The gemshorn is a wind and ancient instrument made from a piece of animal horn. For these reasons, it is sometimes called the horn flute.
Specifically, gemshorn is locally made from the horn of the goat, gems, or chamois. As revealed by some discoveries and contemporary images, clay was even used to make some gems.
This instrument probably came from Germany. We can say that because that is where most records of its existence came from. In fact, gemshorn means “chamois horn” in German.
A gemshorn is somewhat like an ocarina. This is because it has an enclosed space with a fipple mouthpiece.
The horn instrument is also like the recorder. The reason is that they both have fipple mouthpieces like a whistle and seven finger holes.
Some musicians referred to it as a recorder made from animal horn. But gemshorns are basically capped flutes.
Thus, they are more of a vessel flute like an ocarina than a tabular flute like a recorder.
In addition, gemshorns do not produce harmonic overtones like other vessel flutes. This aspect makes them more of a type of ocarina.
What Is a Gemshorn?
We can define the Gemshorn as a flute-like instrument made with an animal horn. The Gemshorn belongs to an end-blown fipple pipe instrument like the recorder.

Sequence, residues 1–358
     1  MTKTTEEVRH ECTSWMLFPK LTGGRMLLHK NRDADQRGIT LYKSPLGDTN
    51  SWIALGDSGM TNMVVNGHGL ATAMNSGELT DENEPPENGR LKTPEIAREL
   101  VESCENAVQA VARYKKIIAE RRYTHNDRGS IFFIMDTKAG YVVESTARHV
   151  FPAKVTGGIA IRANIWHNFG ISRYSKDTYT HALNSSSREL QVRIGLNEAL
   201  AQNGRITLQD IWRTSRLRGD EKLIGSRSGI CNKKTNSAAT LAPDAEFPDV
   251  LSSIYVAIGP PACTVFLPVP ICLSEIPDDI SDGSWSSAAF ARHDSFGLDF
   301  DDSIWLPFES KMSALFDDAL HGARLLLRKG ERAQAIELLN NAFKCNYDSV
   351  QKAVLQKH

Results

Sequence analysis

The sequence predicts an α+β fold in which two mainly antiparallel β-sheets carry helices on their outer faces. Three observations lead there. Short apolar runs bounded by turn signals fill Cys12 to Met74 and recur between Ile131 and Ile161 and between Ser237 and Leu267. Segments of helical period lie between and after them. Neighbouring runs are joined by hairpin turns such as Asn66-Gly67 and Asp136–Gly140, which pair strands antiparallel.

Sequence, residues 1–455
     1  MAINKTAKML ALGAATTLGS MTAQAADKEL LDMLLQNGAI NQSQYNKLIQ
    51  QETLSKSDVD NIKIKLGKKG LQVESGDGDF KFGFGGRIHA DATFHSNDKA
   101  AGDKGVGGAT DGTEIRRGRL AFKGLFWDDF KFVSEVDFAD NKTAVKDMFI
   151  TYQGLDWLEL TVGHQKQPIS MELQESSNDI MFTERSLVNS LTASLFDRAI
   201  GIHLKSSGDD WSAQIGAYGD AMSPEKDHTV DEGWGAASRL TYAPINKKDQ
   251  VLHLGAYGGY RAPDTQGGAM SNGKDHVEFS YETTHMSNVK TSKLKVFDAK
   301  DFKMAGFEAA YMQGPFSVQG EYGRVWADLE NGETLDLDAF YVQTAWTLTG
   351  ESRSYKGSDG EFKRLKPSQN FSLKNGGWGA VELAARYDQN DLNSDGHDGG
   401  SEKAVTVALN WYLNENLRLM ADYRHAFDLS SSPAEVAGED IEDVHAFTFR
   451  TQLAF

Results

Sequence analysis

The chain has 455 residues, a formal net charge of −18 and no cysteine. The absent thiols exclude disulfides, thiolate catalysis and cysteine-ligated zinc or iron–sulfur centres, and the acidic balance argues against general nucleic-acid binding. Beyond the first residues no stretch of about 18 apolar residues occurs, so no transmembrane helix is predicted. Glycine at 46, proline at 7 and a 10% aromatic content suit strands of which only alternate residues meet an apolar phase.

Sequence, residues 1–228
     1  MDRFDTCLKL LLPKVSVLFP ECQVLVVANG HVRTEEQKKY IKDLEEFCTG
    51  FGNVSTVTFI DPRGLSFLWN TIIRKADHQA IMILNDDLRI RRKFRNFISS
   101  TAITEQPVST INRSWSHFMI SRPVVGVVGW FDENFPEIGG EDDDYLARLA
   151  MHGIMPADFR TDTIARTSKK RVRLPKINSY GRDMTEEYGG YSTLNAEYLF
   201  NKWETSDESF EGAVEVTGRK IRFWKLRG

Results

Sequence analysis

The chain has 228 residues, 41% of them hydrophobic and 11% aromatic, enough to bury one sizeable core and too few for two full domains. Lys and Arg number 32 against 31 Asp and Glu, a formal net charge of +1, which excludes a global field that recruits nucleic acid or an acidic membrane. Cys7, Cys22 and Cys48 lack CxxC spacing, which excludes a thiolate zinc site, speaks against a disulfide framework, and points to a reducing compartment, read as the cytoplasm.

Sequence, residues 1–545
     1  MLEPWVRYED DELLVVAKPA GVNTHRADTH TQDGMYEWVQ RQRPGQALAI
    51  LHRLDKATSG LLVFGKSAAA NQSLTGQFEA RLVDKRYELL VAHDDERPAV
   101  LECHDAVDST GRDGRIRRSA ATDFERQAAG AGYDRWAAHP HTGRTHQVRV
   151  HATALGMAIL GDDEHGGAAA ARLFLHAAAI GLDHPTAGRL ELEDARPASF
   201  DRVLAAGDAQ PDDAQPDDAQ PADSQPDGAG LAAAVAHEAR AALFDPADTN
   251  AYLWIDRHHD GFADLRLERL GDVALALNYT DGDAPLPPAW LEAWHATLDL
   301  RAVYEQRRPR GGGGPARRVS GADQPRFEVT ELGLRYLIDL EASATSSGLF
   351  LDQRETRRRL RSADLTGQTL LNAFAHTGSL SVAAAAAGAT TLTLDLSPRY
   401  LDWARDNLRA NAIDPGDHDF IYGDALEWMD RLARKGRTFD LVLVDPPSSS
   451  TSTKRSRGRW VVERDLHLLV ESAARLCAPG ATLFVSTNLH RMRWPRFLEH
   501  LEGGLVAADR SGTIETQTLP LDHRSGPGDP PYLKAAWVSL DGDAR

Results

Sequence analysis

A gemshorn is a fipple wind musical instrument made from the horn of gems or chamois (in German), goats, or clay.
The name gemshorn came from the horn of a gem, or chamois, which is used to make the instrument.
Gems is written as Gämsen in modern German, and it is a kind of European mountain goat.
The gemshorn is conical in shape, with a closed wide end and a smaller space for the blow hole. The blow hole is where the player blows through to play the instrument.
The gemshorn also has about seven (7) smaller finger holes along its body. Finger holes are generally used to change the pitch of the sound the instrument produces.
All gemshorns sound differently from one another. This happens because of the difference in the materials used to make them.
Moreover, gemshorns look alike because of the mode of construction. But when it comes to sound, every gemshorn is absolutely unique.
The reason being that the horns they are made from are not uniform is a different aspect of their formation.
History of The Gemshorn